Corrosion Of Rubbers

Many involved in the field of corrosion would not regard the deterioration of rubber as a corrosion process. The author's opinion differs from this viewpoint as "rubber undergoes deterioration by interaction with its environment."


Rubber and rubber components form an essential part of food processing equipment—-joint rings on pipelines, gaskets on heat exchangers, and plate evaporators. Although natural rubber was the first material to be used for manufacturing these components, nowadays they are made almost exclusively from one of the synthetic rubbers listed in Table 5.

Unlike metals and alloys, which have a strictly defined composition, the constituents used in the formulation of rubbers are rarely stipulated. More often, they will reflect the views and idiosyncrasies of the formulator on how to achieve the desired end product. The important constituents of a rubber are

• Basic Polymer. Largely determines the general chemical properties of the finished product.

• Reinforcing Fillers. These are added to improve the mechanical properties and will invariably be one of the grades of carbon black—or if a white rubber is required, mineral fillers such as clays or calcium silicate.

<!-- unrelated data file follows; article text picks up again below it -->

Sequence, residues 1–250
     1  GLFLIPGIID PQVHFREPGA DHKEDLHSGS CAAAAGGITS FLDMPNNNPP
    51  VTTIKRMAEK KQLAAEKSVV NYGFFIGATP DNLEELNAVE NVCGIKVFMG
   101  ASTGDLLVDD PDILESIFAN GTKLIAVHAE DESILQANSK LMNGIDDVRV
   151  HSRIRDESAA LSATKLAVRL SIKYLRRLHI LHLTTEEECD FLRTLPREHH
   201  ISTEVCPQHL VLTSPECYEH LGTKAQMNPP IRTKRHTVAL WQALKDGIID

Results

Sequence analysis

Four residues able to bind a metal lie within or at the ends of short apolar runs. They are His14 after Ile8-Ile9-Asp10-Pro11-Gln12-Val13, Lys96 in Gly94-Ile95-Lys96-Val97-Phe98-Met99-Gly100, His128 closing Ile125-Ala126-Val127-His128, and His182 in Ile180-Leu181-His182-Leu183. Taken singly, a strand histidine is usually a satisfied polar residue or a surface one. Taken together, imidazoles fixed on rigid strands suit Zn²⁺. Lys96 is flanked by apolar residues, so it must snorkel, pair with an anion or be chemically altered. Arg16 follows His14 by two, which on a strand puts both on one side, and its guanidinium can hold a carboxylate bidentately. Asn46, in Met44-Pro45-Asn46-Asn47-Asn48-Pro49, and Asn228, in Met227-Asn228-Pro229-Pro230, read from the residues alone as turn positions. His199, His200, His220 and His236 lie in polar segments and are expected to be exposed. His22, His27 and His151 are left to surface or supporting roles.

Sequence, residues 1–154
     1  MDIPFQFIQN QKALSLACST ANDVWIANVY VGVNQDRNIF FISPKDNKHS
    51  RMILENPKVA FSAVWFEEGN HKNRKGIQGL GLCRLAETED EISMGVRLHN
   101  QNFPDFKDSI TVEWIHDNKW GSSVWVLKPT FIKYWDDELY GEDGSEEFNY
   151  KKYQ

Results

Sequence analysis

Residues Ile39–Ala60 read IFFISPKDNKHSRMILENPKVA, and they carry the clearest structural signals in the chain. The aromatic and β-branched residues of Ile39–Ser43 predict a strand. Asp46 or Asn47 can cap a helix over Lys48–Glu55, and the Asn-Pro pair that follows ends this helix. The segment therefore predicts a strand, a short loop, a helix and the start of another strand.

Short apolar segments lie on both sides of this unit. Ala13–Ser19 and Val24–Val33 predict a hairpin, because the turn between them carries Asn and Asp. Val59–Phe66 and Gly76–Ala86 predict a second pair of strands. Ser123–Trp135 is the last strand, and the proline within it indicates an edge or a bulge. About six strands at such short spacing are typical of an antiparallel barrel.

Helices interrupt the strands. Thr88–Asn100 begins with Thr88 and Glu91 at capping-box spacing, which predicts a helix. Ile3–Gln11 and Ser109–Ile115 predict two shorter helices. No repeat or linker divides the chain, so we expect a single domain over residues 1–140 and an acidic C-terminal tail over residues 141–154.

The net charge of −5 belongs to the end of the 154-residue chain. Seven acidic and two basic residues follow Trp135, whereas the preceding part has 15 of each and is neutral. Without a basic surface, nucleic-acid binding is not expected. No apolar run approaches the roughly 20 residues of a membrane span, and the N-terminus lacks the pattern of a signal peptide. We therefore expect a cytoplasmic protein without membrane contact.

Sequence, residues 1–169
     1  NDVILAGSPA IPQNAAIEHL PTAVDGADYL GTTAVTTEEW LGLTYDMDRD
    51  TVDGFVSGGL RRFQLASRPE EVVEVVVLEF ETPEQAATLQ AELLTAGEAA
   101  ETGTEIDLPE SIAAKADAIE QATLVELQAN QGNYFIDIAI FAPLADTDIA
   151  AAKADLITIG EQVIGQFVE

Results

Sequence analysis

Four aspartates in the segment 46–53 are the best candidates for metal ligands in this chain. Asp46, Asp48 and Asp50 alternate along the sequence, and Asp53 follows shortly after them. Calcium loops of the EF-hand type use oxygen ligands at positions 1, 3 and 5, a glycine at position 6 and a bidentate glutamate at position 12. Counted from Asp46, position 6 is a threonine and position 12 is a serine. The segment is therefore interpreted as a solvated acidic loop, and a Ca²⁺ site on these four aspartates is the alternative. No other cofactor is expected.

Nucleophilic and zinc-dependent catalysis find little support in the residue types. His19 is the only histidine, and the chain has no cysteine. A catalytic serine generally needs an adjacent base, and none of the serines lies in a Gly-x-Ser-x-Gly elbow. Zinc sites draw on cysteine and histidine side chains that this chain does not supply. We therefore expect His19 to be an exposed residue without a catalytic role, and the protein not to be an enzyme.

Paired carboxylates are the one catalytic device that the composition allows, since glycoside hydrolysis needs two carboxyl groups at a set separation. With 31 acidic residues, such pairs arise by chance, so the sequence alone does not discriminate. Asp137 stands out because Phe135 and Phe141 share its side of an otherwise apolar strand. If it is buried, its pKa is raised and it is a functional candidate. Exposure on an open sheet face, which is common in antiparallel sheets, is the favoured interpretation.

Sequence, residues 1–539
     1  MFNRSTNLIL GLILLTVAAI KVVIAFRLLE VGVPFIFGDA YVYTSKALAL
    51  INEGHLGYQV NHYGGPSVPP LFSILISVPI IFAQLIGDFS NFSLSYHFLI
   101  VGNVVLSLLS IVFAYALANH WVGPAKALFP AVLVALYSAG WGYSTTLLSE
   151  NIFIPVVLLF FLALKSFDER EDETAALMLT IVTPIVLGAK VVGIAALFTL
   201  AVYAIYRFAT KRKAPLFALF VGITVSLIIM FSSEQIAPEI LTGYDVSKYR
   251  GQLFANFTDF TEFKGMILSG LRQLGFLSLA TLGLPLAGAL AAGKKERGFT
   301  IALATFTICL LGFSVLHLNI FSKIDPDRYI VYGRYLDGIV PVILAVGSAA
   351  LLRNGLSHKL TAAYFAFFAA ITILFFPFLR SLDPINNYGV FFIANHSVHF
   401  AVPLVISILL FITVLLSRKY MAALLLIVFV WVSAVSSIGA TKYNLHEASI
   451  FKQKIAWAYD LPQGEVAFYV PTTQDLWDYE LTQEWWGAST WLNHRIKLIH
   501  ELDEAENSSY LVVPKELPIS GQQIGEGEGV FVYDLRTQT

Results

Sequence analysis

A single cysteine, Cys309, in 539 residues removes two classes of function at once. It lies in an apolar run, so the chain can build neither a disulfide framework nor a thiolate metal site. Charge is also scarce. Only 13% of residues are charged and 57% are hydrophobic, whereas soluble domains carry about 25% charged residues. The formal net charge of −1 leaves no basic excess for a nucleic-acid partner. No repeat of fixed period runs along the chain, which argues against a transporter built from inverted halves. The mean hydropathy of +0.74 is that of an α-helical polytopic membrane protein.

• Vulcanizing Agents. These cross-link the basic polymer and impart rubberlike properties that are maintained at elevated temperatures.

• Antioxidants. To stabilize the rubber against oxidative degradation, hardening or softening, after prolonged operating periods at elevated temperatures.

• Processing Aids. Which facilitate the molding of the rubber.

• Plasticizers. To modify the mechanical properties.

A complicating factor to be considered when formulating rubber for food-contact surfaces is the acceptability (or nonacceptability) of the compounding ingredients. Some countries, notably Germany and the USA, have drawn up lists of permitted ingredients (22,23), while other countries regulate the amount of material that can be extracted from the finished article by various test media.

Invoking these regulations may impose limits on the inservice performance of a rubber component, which could be a compromise, exhibiting desirable properties inferior to those achievable were it for a nonfood application. For example, the resistance to high pressure steam of some rubbers can be enhanced by using lead oxide as an ingredient. Obviously, such materials could not be contemplated for any food contact application.

Table 6. Performance of Rubbers in Some Environments Found in the Food and Beverage Industries

Whole milk Beer, wines, spirits Fats, oils, cream Sauces

Salad dressings Fruit drinks and juicesd

SBR Medium nitrile Natural rubber Polychloroprene Butyl EPDM Silicone"

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